Curious Climate
Curious Climate

Why is sea level rising and how is Tasmania affected?

Region: 

North South

Chris Sharples

Summary of Answer

Chris Sharples (University of Tasmania) provides insights on the topic of ‘Why is sea level rising and how is Tasmania affected?’.

This footage was shot at live public forums for the Curious Climate Tasmania project held across Tasmania in August 2019 as part of Australian National Science Week. Curious Climate was initiated by a group of scientists & journalists that wanted to know what the Tasmanian public were curious about in terms of climate change. This series of presentations cover the most popular questions submitted by the Tasmanian public, in response to a call out for questions from ABC Radio, and aim to bridge the gap between experts and audiences with credible, relevant information about climate change.

This project was delivered in partnership with the Centre for Marine Socioecology, ABC Radio Hobart, Institute for Marine and Antarctic Studies, University of Tasmania, CSIRO and Tasmanian Institute of Agriculture. Funding was provided by National Science Week and the Tasmanian Government, through the Tasmanian Climate Change Office.

Watch the Video

About the Author

Chris Sharples

Affiliations:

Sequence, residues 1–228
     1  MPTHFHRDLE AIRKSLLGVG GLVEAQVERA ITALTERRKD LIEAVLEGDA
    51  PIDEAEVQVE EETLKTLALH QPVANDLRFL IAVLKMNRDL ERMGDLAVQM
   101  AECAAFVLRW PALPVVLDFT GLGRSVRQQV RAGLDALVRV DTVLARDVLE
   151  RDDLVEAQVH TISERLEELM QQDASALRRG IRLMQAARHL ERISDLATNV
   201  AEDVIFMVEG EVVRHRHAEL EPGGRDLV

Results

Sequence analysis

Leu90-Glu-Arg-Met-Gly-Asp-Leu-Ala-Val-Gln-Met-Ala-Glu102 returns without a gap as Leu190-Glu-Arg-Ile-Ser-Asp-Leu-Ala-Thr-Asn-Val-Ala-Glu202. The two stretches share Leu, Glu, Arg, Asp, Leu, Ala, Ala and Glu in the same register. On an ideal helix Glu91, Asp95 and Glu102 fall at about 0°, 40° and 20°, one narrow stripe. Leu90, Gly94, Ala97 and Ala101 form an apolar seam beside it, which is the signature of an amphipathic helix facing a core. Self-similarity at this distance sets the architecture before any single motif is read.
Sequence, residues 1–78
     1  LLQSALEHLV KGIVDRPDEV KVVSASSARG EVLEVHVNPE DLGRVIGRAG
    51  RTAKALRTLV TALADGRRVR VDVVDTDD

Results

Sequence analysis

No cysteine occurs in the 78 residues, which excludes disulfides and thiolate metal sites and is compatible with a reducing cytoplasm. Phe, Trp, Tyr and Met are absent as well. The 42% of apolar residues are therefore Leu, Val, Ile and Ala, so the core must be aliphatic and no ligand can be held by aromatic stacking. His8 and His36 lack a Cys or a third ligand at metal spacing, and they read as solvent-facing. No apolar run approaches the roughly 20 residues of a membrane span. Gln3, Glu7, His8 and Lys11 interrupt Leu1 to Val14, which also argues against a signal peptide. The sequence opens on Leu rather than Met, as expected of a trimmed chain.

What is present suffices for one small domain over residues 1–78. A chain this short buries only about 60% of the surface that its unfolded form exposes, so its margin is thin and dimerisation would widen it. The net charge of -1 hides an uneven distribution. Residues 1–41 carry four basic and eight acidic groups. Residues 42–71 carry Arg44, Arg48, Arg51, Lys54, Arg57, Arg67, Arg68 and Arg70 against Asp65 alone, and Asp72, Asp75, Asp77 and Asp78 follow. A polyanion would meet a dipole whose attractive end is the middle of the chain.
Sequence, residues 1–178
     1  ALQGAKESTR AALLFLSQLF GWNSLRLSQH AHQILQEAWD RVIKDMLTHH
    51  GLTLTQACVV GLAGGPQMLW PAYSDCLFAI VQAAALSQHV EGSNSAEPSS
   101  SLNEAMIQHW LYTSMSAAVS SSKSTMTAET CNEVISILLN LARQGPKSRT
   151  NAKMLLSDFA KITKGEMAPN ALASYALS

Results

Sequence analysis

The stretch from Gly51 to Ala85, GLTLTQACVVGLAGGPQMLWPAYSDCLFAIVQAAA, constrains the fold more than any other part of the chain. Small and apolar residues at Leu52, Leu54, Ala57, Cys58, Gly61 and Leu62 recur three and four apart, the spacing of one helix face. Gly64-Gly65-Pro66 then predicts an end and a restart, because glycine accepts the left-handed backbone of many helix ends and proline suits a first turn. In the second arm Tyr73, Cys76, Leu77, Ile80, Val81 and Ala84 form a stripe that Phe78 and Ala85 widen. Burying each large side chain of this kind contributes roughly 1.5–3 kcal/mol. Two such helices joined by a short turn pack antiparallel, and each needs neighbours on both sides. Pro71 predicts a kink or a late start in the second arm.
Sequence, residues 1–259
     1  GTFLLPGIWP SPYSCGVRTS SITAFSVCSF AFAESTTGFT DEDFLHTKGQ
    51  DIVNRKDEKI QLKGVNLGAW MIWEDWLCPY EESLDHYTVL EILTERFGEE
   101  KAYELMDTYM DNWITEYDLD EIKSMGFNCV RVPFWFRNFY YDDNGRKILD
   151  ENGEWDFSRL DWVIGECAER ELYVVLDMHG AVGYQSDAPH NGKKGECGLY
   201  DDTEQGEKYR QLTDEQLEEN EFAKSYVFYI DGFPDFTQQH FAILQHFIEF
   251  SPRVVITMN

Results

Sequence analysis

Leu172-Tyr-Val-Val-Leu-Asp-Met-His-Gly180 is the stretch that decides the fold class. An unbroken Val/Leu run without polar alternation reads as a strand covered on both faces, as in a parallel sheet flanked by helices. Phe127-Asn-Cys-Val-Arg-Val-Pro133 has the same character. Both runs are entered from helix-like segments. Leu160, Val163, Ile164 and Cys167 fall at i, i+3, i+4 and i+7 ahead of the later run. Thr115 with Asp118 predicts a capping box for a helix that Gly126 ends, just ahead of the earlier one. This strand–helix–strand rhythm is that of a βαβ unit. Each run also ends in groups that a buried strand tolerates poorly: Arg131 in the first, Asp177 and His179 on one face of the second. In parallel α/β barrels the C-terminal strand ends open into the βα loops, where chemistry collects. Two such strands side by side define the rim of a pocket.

Spatial Science Group, Discipline of Geography and Spatial Sciences, School of Technology, Environments and Design, University of Tasmania

Research Area:

Research Area: Geology, coastal geomorphology (focus on coastal landform processes, coastal erosion and physical responses to sea-level rise)

Why I do the research I do:

Why I do it: Despite a wealth of evidence that sea-level rise causes coastal erosion and recession, there has been very little research asking whether the erosion we see today is related to sea-level rise or to other causes, and when we can expect sea-level rise to become the dominant driver of coastal landform processes (as is expected). This obvious gap in existing knowledge – and the dearth of research effort on this question, has attracted me as an obvious knowledge gap needing to be investigated.
(c) copyright 2020 University of Tasmania.
About this site